For more than 40 years, Gandhi's martyrdom kept communal forces at bay. Secular forces did little to consolidate the ground. Everybody took faith in secularism for granted. For a long time, it was as much fashionable to talk in secular terms as it is now to talk Hindu chauvinism.

The Hindutva forces have a long-term agenda. They lay low, but went on penetrating every segment of activity and injecting the poison of communalism into them. When the Congress fell from grace through its acts of omission and commission, the Hindutva forces were able to exploit the opportunity. They began to occupy the place the Congress had vacated. Indira Gandhi's authoritarianism and Rajiv Gandhi's naivete gave the RSS Parivar a chance, which they grabbed with both hands.

Today we have a situation where the Centre is led by the BJP, which has pronounced Hindu credentials. Once the torchbearers of secularism, George Fernandes, Sharad Yadav and Ram Vilas Paswan are its allies, eyes fixed on power, not on Gandhi's philosophy. The Congress is beginning to take a stand against communalism, but its past has been so dubious that people are reluctant to trust it again.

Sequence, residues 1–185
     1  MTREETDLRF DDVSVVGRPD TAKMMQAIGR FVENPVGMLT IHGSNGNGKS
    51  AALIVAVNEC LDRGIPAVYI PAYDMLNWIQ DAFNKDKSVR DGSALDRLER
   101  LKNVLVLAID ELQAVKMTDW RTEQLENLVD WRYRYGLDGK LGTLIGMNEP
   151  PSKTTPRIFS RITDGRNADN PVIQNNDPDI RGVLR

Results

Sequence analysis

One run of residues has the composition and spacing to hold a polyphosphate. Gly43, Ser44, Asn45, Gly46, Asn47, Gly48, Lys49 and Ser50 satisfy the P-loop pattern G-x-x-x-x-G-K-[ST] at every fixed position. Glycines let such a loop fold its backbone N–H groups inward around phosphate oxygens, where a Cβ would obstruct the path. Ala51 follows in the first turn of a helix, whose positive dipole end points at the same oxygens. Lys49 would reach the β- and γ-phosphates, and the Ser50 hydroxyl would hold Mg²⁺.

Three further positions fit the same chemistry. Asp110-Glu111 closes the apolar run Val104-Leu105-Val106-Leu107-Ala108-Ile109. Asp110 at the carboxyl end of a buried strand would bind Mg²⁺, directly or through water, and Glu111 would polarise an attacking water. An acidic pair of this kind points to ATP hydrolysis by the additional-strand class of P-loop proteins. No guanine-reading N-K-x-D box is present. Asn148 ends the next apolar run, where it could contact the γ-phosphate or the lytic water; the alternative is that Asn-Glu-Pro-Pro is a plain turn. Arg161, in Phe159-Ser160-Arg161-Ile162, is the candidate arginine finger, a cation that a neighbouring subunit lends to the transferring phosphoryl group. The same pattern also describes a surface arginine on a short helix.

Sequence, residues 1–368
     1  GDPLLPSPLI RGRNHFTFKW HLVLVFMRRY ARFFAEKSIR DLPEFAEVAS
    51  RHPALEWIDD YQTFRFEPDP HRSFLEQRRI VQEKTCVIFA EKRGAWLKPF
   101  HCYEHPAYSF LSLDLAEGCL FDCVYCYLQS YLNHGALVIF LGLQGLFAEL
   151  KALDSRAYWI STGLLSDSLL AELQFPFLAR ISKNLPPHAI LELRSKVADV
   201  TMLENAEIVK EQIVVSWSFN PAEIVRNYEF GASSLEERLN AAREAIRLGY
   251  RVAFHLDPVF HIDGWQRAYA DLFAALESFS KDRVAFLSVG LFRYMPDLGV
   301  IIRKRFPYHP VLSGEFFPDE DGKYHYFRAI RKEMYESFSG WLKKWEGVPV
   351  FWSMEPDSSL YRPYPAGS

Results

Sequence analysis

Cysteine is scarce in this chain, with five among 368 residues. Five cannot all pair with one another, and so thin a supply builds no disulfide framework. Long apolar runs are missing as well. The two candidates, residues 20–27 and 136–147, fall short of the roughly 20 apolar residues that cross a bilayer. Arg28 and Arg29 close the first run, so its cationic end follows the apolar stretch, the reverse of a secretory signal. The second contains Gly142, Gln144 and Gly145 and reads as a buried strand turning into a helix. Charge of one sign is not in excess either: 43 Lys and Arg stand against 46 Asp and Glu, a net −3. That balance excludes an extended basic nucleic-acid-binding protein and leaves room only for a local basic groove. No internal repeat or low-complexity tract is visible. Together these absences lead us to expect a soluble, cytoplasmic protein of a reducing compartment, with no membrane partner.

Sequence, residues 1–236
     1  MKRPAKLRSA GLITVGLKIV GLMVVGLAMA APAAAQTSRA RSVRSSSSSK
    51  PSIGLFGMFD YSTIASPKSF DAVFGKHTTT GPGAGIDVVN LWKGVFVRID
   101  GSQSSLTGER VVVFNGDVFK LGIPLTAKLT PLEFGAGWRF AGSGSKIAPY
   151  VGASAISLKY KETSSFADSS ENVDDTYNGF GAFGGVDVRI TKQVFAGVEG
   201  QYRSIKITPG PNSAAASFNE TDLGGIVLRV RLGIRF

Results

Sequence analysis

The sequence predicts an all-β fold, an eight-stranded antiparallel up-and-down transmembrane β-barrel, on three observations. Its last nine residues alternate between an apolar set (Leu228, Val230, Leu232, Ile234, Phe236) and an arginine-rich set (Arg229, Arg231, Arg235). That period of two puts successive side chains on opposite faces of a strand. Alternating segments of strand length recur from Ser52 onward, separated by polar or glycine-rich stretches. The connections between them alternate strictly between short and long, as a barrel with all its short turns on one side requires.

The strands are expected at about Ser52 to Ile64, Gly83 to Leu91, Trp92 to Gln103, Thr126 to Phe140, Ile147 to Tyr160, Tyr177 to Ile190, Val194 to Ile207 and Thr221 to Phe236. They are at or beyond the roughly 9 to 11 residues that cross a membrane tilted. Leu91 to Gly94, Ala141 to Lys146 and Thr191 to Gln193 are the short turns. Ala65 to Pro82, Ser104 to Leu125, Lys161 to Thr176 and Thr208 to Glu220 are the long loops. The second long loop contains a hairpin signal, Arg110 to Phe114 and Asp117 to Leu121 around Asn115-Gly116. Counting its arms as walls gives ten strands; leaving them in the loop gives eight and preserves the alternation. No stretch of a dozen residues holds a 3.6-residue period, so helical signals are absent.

The situation is getting more tangled because some Muslim organisations have come to believe that they must unite the community to form an all-Muslim party. Such elements are playing into the hands of Hindu extremists who want to polarise the country. The Godhra train incident has done what the RSS could not have done for years.

There is no option but Gandhi's path of Hindu-Muslim unity. Secularism is the only alternative to keep the country democratic and united. The BJP, if it wants to be a party of tomorrow, has to cut its relations with the RSS, the advice that Jayaprakash Narayan, a Gandhian, gave the party when it was part of the Janata government. But the BJP continues to be politically dependent on the RSS.

It is a pity that the Centre has taken no action against Vishwa Hindu Parishad leaders even when they have openly incited people to support their communal agenda. Increasingly, one feels that the BJP-led government does not have the will or firmness to fight obscurantism. Even on the communal flare-up in Gujarat, it has adopted a lackadaisical attitude. The party, internally divided, cannot do anything. Prime Minister Atal Bihari Vajpayee looks a pathetic figure. He is willing to strike, but afraid to wound.

Secular forces have to assert themselves to save the country. Blinded by fundamentalism, the BJP is unable to see the writing on the wall. Muslim jihadis have destroyed Pakistan and put on the country's back the army which refuses to return to the barracks. The Hindutva jihadis are out to install in India a theocratic state. The BJP cannot even conceive what type of forces they will unleash. Its own leadership may be the first victim. But one thing is certain: India, a secular, democratic nation, will cease to exist. Playing the communal card for power is suicidal, but playing it for governance is a national disaster.

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Kuldip Nayar